Using ExtJs‘ bind to partially apply a function

Because of my work I dabbled a bit in ExtJs and I wanted to show you something that I need quite regularly. It has become common practice in JavaScript to pass around function object like no man’s business. Which is quite alright. But sometimes you prepare a function for another library. Usually this looks something like this:

var somefunction = function (arg1, arg2, arg3, arg4, arg5) {
  console.log(arg1, arg2, arg3, arg4, arg5);
};

var caller = function (fObject) {
  return fObject(1,2);
};

caller(somefunction);
// 1 2 undefined undefined undefined

But you can’t pass any argument to somefunction (because JavaScript is not Haskell and you cannot build partially applied thunks). So how do we partially apply some values? ExtJs gives us quite a powerful tool:

caller(Ext.bind(somefunction, undefined /* this is the bound scope which, in this case, is not needed */, [3,4,5], true));
// 1 2 3 4 5

Usually, you would bind the scope to „this“ but in this rather trivial case, we don’t need it. The „true“ at the end is to tell Ext to append the new parameters (3, 4 and 5) rather than overwriting the existing ones. But we can put them any place we want.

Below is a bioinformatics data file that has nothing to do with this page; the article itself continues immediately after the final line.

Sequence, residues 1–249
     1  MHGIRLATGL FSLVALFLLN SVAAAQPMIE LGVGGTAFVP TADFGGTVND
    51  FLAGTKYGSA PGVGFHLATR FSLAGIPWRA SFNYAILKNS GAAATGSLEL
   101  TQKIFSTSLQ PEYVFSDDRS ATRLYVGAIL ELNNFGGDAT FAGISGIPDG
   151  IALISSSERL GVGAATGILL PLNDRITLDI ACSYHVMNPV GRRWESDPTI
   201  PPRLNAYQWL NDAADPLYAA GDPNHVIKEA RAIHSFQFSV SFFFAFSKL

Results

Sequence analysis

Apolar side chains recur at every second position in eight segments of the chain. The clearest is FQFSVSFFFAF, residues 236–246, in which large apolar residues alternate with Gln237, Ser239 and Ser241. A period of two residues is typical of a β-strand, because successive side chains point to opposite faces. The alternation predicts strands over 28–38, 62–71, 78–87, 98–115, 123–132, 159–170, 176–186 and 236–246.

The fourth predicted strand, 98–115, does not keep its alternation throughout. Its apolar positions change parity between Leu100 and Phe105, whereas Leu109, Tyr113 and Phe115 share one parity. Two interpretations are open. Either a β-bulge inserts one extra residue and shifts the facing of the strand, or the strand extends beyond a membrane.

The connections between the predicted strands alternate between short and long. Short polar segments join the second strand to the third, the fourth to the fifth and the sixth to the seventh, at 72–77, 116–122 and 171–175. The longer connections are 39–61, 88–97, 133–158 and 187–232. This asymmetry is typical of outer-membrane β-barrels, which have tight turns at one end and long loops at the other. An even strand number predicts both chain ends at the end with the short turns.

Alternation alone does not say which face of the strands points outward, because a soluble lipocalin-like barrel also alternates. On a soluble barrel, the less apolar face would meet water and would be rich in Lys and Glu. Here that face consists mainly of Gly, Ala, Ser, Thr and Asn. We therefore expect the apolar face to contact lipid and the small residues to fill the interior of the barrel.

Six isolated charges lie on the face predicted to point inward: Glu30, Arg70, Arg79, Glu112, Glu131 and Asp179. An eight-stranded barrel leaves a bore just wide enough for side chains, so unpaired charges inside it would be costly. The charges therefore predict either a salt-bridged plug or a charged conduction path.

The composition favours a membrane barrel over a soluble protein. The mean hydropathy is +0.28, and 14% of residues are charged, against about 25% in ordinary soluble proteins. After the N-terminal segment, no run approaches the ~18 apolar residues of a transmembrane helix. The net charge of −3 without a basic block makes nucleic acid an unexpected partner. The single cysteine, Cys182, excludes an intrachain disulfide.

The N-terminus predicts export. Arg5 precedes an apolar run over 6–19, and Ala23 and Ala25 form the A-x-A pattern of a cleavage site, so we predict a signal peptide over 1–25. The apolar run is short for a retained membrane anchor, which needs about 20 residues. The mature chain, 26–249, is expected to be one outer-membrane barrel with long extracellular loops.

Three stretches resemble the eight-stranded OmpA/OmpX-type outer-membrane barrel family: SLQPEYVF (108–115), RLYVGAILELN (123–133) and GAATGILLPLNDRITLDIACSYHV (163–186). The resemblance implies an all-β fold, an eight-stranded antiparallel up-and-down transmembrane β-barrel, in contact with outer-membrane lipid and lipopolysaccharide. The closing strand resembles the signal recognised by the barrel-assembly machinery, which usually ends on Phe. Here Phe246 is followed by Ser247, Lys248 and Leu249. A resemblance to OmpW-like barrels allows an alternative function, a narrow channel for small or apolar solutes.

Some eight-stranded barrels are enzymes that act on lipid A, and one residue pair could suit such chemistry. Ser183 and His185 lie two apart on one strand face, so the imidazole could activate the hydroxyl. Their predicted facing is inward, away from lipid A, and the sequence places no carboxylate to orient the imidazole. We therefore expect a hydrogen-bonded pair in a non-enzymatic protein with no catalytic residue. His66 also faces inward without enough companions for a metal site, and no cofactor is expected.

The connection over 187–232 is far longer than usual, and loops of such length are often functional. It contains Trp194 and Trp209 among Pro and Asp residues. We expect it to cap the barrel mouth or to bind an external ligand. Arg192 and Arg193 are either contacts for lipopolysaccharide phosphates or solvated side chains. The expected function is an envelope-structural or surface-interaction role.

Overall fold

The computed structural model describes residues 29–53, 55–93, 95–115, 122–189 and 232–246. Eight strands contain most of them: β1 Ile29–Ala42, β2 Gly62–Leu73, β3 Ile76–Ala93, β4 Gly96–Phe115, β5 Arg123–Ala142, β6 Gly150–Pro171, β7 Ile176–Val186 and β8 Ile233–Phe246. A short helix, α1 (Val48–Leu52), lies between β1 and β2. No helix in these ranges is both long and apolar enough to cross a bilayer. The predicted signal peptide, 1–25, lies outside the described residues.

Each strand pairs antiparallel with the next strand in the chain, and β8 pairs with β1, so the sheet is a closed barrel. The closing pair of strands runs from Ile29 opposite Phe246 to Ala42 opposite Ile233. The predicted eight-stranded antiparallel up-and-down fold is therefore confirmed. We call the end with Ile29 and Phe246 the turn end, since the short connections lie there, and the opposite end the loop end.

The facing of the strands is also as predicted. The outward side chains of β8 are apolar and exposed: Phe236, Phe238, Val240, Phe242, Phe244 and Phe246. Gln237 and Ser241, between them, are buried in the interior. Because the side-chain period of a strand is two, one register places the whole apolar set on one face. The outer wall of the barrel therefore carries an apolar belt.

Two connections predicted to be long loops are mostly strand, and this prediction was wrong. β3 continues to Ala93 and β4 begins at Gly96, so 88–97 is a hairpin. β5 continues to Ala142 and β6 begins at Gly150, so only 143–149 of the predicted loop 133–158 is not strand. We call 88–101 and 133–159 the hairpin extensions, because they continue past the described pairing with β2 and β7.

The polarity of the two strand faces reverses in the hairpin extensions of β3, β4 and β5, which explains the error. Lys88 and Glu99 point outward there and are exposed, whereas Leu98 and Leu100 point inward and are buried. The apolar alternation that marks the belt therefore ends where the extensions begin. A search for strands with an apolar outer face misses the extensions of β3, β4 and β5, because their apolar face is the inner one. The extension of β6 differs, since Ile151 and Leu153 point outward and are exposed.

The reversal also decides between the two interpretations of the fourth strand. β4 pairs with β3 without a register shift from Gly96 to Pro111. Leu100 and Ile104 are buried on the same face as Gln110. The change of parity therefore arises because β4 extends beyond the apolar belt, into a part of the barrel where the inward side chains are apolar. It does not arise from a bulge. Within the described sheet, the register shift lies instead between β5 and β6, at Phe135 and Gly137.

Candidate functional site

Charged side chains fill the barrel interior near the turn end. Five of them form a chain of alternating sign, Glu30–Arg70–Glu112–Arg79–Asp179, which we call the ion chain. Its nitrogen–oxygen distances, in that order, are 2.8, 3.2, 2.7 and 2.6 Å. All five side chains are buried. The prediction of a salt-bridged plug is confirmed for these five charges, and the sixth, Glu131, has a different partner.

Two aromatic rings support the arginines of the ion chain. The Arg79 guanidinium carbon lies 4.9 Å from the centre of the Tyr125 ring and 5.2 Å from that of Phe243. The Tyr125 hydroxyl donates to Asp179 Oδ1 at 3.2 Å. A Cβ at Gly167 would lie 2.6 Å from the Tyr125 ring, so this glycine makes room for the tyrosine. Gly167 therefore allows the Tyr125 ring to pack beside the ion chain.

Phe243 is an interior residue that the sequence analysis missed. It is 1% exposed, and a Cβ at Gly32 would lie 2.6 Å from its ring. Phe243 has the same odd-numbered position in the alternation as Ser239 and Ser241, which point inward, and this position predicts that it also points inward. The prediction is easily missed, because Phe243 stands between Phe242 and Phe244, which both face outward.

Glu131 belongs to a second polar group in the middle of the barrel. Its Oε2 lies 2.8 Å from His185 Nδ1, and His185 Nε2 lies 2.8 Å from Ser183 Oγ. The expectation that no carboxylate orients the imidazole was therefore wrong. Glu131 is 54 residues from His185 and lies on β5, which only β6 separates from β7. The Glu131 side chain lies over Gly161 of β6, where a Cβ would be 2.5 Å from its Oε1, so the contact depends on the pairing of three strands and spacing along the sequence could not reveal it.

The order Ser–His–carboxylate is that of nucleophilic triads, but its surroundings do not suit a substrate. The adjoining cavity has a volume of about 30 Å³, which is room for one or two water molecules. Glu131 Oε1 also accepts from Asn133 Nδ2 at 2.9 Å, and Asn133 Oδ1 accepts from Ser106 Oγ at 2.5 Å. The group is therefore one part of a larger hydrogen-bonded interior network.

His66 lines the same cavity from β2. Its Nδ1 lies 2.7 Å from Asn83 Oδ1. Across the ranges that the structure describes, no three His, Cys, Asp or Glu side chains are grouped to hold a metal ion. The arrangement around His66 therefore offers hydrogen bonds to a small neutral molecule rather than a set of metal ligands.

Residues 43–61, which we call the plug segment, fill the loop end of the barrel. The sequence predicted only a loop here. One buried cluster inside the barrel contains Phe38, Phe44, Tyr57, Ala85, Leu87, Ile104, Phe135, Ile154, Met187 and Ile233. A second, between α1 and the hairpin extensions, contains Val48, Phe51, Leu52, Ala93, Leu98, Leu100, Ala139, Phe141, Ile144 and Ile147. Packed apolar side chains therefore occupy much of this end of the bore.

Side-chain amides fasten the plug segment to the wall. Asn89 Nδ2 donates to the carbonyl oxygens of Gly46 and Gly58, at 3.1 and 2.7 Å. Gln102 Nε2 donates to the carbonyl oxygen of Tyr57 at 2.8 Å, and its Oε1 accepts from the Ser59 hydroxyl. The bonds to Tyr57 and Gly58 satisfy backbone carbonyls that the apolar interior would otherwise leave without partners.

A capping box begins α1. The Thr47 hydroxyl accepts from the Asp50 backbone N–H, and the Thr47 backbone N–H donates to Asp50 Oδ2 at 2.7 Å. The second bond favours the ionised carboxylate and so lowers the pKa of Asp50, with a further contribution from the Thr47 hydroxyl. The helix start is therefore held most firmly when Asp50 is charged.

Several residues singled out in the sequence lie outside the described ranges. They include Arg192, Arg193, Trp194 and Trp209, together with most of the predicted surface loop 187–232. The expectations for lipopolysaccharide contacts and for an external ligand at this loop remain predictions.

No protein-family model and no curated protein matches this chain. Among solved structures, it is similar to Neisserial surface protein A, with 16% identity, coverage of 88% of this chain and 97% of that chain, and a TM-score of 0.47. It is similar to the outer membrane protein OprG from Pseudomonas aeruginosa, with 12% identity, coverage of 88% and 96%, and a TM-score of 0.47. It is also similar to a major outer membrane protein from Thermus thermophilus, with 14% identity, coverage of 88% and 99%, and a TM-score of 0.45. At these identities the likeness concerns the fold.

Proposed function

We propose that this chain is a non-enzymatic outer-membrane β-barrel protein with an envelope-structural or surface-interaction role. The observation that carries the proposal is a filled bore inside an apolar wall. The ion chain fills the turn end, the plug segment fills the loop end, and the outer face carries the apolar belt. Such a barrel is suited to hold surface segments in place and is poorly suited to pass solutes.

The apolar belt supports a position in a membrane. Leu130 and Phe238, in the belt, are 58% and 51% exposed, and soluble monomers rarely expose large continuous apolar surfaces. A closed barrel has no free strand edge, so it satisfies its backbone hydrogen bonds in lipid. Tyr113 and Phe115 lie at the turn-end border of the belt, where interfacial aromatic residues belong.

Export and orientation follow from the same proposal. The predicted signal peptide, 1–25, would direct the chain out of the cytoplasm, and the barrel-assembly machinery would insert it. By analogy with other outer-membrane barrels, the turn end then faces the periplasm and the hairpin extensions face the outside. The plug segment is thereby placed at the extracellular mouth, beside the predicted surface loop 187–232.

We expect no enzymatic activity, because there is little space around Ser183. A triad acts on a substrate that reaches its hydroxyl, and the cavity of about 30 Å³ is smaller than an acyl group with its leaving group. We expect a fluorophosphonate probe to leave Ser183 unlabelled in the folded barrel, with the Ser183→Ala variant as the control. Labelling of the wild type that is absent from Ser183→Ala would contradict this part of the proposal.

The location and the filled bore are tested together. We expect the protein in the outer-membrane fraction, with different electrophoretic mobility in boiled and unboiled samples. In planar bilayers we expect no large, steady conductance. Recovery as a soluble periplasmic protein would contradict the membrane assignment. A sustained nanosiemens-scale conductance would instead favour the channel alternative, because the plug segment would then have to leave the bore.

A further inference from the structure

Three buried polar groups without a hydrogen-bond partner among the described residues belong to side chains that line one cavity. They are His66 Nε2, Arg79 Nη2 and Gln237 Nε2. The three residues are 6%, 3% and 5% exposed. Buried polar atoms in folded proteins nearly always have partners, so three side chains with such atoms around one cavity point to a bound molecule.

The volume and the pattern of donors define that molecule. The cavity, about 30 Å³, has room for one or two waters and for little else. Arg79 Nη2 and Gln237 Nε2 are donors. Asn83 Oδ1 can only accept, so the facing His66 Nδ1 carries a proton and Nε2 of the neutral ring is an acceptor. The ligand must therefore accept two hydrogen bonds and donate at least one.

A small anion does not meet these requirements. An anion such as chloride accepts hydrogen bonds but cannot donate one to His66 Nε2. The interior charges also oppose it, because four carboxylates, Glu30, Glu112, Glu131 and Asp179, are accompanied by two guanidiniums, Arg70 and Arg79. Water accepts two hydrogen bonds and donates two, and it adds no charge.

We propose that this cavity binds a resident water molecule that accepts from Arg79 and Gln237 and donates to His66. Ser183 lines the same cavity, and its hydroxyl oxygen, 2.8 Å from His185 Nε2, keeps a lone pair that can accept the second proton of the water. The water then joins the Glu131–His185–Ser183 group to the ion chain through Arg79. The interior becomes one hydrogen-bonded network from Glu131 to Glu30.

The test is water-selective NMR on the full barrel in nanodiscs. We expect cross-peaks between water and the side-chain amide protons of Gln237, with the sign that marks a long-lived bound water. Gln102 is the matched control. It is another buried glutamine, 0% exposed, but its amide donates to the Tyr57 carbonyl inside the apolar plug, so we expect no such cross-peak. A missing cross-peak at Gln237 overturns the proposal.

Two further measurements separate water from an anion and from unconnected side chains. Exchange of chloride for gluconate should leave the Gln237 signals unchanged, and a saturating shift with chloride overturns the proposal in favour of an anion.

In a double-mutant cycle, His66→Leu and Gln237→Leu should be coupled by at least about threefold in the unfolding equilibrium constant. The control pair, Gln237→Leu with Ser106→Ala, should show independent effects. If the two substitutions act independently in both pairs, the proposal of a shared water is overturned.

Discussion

caller(Ext.bind(somefunction, undefined, [3,4,5], 1));
// 1 3 4 5 2

We also can, which is rather cool, apply them in instead and therefore „cancel out“ other paramters by leaving the last bind-parameter as undefined:

caller(Ext.bind(somefunction, undefined, [3,4,5]));
// 3 4 5 undefined undefined

You can, of course, save your partially applied function objects:

var partiallyAppliedFunction = Ext.bind(somefunction, undefined, [3,4,5]);
partiallyAppliedFunction();
// 3 4 5 undefined undefined

But remember: The function is saved as reference at binding time (and not by name). Therefore changing the original function won’t change anything:

somefunction = function () { console.log('I no longer do as I am told.') };
partiallyAppliedFunction();
// 3 4 5 undefined undefined

You can also construct function objects from anonymous functions/closures that way, for whatever reason you would need that:

var SomeBoundAnonymousFunction = Ext.bind(function (a) { console.log(a); }, undefined, [3,4,5]);
SomeBoundAnonymousFunction();
// 3

cool, huh?!

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